|Tough Date||Peak Date||Percent Gain||Number of Days|
Yardeni Research provided the statistics for the above table aided by Standard & Poor's Corporation and Haver Analytics.
It's important to remember, this run began at an extremely low level thanks to Chuck Prince and his fellow investment bankers. Although a decade removed from the financial collapse, Main Street investors have long memories of the losses incurred. Those losses were realized if you sold at the bottom. Easy to do because it was not a normal correction. People were scared. The entire global financial system was at risk of annihilation. However, according to Bloomberg, if you bought equities at the previous market peak on October 9th, 2007, you would have doubled your money in ten years if you owned an S&P 500 index fund such as (SPY), (IVV), or (VOO), and reinvested your dividends.
To buttress this phenomenon, go no further than the J.P. Morgan Asset Management Retirement Guide and view the chart on the impact of being out of the market. When examining the 20 year performance of the S&P 500 between 1/1/1997 and 12/31/2016, money invested in the index had a total return of 7.68% annually. This time period includes two major market meltdowns which is probably why it returned less than the historic average of 9.5%. In contrast, if you would have tried to time the market and failed (as most do), your annualized returns would have been only 4% provided you missed the ten best trading days. Total returns decrease to 1.57% if you missed the 20 best trading days, and so on and so forth. At 1.57%, you might as well have been in a savings account to reduce your volatility.
The current acronym investment mangers utilize to underscore the importance of being long equities is TINA (There is no Alternative). Savings accounts and long duration Certificates of Deposit pay muted interest, somewhere around the one percent range give or take a few basis points. Ten Year Treasury Notes are climbing towards 3% yields, but this still pales in comparison to long-term stock returns. This is not very comforting if you are a retiree and require a steady flow of dependable income. My personal preference remains S&P 500, or Total Market index funds. Although subject to volatility, yields of these financial instruments are close to 1.8%, and if the market continues its ascent, you benefit from price appreciation.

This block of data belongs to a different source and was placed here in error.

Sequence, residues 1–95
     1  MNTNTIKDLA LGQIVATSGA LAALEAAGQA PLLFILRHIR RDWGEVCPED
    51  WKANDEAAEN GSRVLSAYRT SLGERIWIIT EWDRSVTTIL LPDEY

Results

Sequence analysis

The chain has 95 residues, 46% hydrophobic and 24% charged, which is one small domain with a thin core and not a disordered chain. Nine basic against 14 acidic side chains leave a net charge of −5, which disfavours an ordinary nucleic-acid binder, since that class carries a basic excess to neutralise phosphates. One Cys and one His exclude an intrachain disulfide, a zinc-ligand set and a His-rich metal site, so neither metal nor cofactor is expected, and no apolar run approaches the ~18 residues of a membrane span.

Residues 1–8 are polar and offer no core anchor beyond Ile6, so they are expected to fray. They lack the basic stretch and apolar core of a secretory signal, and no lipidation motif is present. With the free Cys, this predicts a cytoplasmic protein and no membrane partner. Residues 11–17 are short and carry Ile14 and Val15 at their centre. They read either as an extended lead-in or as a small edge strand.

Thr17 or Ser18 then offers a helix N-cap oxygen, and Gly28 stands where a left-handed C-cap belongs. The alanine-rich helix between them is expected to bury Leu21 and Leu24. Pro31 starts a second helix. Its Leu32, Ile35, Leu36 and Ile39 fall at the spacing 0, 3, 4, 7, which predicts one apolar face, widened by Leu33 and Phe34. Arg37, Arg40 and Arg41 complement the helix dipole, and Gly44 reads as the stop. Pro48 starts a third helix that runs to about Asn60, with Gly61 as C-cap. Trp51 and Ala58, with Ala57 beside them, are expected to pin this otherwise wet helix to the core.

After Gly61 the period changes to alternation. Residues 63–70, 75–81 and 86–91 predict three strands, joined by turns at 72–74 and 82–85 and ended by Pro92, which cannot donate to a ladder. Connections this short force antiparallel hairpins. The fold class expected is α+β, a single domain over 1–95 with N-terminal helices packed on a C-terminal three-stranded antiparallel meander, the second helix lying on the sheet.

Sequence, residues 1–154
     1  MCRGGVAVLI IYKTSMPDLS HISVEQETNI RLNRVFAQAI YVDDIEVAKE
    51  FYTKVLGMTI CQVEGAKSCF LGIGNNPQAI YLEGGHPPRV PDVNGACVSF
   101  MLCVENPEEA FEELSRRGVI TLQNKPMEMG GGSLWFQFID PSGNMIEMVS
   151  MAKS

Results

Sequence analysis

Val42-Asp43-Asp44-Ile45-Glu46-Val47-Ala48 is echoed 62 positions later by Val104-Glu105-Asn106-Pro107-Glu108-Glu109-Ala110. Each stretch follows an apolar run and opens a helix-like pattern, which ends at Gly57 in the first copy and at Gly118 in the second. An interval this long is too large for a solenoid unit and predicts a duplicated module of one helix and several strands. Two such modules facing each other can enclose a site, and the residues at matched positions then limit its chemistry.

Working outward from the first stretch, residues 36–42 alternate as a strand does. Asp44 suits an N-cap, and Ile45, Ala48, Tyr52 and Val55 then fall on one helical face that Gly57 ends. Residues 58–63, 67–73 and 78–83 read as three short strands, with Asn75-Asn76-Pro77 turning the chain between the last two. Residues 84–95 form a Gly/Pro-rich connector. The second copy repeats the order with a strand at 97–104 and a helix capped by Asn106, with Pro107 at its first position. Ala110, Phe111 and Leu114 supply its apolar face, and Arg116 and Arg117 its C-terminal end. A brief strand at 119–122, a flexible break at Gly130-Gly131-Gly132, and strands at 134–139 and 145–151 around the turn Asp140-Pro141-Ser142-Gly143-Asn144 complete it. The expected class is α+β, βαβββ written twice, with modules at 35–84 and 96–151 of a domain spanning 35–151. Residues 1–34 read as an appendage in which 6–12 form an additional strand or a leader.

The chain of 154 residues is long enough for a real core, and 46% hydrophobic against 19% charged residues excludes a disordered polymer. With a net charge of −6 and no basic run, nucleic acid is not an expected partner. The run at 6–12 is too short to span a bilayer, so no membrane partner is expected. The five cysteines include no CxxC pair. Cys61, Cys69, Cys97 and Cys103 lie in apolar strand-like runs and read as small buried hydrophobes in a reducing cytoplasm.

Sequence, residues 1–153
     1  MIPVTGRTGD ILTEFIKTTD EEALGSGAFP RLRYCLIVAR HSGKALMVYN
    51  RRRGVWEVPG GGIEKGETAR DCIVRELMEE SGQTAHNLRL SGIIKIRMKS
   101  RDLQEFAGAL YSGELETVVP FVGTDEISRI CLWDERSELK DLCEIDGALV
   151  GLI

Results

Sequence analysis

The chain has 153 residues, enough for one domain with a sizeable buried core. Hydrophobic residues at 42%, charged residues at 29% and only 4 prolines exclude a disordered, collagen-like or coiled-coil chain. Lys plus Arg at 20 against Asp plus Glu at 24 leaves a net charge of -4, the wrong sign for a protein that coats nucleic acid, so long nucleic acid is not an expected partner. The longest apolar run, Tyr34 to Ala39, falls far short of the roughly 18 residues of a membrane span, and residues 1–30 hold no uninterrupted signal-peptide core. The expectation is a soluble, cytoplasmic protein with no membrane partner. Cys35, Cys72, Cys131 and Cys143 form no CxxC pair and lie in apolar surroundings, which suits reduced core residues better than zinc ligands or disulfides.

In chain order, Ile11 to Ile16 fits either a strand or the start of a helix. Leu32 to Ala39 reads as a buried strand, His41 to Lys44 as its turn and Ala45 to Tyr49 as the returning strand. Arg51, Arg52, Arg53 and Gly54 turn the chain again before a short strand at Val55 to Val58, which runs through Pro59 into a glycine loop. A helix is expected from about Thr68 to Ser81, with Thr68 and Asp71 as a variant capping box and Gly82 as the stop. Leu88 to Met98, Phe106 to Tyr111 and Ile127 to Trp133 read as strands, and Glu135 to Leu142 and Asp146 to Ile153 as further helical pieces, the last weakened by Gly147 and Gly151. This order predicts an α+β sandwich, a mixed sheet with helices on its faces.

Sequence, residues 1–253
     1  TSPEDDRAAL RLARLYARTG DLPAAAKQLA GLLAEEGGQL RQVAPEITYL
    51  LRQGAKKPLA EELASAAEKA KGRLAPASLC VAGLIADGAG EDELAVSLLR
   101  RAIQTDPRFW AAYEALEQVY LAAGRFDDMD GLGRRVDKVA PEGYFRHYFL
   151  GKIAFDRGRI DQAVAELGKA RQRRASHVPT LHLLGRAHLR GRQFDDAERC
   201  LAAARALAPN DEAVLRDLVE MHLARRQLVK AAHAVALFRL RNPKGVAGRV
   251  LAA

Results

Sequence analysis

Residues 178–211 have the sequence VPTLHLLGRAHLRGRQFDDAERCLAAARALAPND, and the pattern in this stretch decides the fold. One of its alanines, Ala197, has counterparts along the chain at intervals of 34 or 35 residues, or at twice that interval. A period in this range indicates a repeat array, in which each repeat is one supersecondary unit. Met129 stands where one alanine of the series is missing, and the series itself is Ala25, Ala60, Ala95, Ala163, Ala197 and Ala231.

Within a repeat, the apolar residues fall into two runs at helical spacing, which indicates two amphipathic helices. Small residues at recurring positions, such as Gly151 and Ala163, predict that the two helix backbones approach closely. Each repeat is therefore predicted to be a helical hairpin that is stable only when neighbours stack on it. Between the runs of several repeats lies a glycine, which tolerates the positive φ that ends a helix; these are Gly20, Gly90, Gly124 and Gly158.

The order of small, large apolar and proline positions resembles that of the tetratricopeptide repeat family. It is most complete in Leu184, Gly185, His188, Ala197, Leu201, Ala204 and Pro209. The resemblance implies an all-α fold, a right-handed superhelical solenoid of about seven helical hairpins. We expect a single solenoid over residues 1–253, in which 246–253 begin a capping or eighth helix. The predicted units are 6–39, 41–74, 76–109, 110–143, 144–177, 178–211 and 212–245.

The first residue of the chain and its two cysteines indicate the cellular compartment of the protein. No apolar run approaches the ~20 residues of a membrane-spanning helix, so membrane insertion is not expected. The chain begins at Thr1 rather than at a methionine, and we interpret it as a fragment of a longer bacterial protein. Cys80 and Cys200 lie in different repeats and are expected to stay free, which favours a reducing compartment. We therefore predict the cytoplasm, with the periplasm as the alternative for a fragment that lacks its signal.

Many investors remain concerned about the fast and loose machinations of computerized stock market exchanges. However, automated exchanges have been in existence for 50 years. Some of the increased volatility in the market can be attributed to retail investors themselves, not just the High Frequency Trading and Quant Funds with their unrestrained algorithms. Reduced commissions at discount brokers and tax deferred retirement accounts invite more trading, too. They've turned the market into a big casino. Derivatives only acerbate the matter.
Average Holding Time for Stocks by Decade:
- 1960, eight years, four months
- 1970, five years, three months
- 1980, two years, nine months
- 1990, two years, two months
- 2000, one year, two months
- 2010, six months
The data above stops at 2010, but from the trend, you can surmise holding periods are only getting shorter. I've seen some data that suggests three months is the most recent holding period for individual equities, and ETFs aren't immune from the short-term horizon. Those boring, plain vanilla S&P 500 index funds such as SPDR S&P 500 ETF Trust (SPY) are the preferred trading instruments of speculators globally.
|SPDR S&P 500 ETF Trust||SPY||259.9||31|
|iShares S&P 500 Index||IVV||147.0||313|
|Vanguard Total Stock Market||VTI||90.2||679|
|Vanguard 500 Index Fund||VOO||84.4||376|
|PowerShares QQQ Trust||QQQ||56.1||27|
|iShares MSCI Emerging Markets||EEM||41.2||33|
|iShares Russell 2000 Index||IWM||40.4||23|
All of these Exchange Traded Funds have ample volume and abundant assets under management. The iShares Russell 2000 Index which follows small caps has a scant holding period of just 23 days - a little over three weeks. In contrast, Vanguard Total Stock Market has a holding period of almost two years. Both are excellent investments, but my personal preference is with the more diversified fund which is the total domestic market index. Although some of these ETFs have high turnover ratios, you're not going to get burned if you invest for the long haul.
The Musical Chairs game we're continuously playing in the market may have a ways to go because records are made to be broken. We have approximately three and half years of rising stock prices to surpass the previous enduring bull market of 1987-2000. With the advent of Artificial Intelligence, blockchain, 5G, video and audio steaming, plus new technologies such as Quantum Computing, this market has room to run. It won't be smooth sailing, but even with increased volatility, you're probably going to make money.